Like with the MIDI keyboard, the Maschine MK3 doesn’t store any of its own sounds. It is used to control its companion software and all the sounds within that software.
When it comes to building a studio accessories are often forgotten. They're just not as glamorous. But believe me, they're essential!
1/4″ Jack to Jacks are used to connect instruments like guitars, basses and synthesisers to an audio interface. The are also needed to output from the audio interface to a large number of studio monitors. Figure out how many you need first.
XLR Cables are use to connect microphones and again some studio monitors. Get what you need for your current set up and if you can afford get one more spare.
USB 3.0 Hub
If you use a laptop as your studio computer you’ll quickly run out of USB ports. This can be a real pain but to ease that pain I’d recommend you to get a USB Hub.
Let’s face it, most peoples’ home studio is either in their bedroom or a small spare room, space is a precious commodity and having a three legged stand just won’t cut it. That’s why I use Circle Based Stands. They take up so much less real estate, are neat and very sturdy.
Ever played a real piano? You would have noticed it has three pedals. One of those pedals is a Sustain Pedal. It allows you to sustain your last played notes to give you time to travel across the keyboard and play following notes without leaving a gap of silence. This is a key characteristic of a piano and to create this sound on a MIDI controller it’s a good idea to have a sustain pedal! You can order one here.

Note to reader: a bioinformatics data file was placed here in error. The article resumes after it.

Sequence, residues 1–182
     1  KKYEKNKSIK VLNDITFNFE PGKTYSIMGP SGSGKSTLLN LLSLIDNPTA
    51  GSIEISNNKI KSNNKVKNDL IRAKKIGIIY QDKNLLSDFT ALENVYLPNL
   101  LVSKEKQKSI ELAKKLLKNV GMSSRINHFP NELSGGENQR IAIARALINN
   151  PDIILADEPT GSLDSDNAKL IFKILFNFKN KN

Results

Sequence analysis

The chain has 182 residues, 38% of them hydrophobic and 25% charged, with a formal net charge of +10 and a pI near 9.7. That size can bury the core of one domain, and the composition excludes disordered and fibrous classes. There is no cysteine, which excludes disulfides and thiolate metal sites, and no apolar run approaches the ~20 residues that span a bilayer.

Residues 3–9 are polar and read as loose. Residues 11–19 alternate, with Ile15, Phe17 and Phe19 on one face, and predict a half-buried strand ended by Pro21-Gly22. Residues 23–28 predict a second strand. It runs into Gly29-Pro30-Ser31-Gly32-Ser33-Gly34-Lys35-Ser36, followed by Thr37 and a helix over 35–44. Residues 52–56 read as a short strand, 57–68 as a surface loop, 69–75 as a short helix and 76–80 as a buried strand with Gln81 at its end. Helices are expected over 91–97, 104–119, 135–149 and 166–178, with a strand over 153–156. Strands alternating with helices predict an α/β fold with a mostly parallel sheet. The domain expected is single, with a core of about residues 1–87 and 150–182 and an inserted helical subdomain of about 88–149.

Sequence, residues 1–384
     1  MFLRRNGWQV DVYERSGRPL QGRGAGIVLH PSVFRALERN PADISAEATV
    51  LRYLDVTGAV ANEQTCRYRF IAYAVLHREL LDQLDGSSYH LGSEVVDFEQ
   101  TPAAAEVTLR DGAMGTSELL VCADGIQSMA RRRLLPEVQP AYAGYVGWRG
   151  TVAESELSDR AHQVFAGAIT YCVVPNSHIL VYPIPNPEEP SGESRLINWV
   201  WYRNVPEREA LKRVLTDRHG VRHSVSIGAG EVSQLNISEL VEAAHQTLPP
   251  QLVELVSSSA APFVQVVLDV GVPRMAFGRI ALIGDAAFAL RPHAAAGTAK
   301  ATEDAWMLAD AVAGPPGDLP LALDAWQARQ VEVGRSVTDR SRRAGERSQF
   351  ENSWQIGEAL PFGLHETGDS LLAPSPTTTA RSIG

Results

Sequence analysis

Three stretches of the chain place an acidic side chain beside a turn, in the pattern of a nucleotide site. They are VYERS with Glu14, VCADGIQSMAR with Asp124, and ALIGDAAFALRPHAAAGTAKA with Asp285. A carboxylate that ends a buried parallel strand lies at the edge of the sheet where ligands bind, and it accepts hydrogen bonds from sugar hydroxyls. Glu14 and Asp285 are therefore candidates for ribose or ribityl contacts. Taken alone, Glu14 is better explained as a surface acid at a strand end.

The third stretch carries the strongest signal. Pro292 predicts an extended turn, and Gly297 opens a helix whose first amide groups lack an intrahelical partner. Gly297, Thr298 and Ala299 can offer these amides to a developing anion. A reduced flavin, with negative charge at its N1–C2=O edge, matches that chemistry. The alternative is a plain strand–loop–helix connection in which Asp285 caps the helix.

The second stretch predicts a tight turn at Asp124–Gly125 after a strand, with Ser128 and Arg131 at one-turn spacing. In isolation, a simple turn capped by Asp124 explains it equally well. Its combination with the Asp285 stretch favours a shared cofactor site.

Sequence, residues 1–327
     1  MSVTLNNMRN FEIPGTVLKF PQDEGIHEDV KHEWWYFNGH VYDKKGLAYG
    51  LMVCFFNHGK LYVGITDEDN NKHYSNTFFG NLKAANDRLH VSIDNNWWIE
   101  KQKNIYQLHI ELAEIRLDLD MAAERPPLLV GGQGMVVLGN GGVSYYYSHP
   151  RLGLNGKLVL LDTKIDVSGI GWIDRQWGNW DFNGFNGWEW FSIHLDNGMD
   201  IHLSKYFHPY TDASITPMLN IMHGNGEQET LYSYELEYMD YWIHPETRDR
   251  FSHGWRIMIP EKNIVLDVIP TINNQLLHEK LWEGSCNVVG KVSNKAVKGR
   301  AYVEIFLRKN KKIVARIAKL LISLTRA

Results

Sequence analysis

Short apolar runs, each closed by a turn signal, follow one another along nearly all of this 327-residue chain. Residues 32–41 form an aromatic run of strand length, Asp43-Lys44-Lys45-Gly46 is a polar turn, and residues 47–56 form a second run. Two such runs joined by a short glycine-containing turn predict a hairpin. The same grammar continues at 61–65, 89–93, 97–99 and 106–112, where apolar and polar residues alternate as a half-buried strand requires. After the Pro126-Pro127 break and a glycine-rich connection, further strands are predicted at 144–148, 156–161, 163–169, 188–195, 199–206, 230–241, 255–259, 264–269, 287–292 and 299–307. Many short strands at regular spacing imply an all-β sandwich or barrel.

IMPORTANT: Before purchasing please make sure your MIDI controller has a sustain, hold or damper pedal input. Not all MIDI controllers do so please do check first.
I left acoustic treatment to last because it’s the last thing you should. Along the walls of my studio you’ll find nine 1200x300mm fibre glass acoustic panels. This helps absorb the sound reflections in my studio. This is great for mixing and also more importantly great for when I’m recording vocals or acoustic guitar. The panels eliminate a lot of the “room” sound allowing me to add my own EQ and reverb at a latter stage.
Under my monitors you’ll find two Auralex MoPads isolating my speakers from my my table removing any sound colouring produced by my table through vibration.
About Stefan Guy
Hi, I'm Stefan, a music producer & tutor from London, UK. I create music production tutorials & tools for beginner to intemidiate level aspiring music producers & artist.
This work has led to on-going partnerships with Native Instruments & Propellerhead in addition to being featured on their respective blogs. I've also had the opportunity to work alongside Output, Loopmasters, Distrokid and many other incredible music companies.